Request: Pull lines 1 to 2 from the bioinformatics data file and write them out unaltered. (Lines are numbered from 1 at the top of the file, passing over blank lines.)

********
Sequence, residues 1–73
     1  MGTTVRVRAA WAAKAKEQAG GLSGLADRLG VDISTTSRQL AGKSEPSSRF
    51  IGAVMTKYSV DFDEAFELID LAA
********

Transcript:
Sequence, residues 1–73
     1  MGTTVRVRAA WAAKAKEQAG GLSGLADRLG VDISTTSRQL AGKSEPSSRF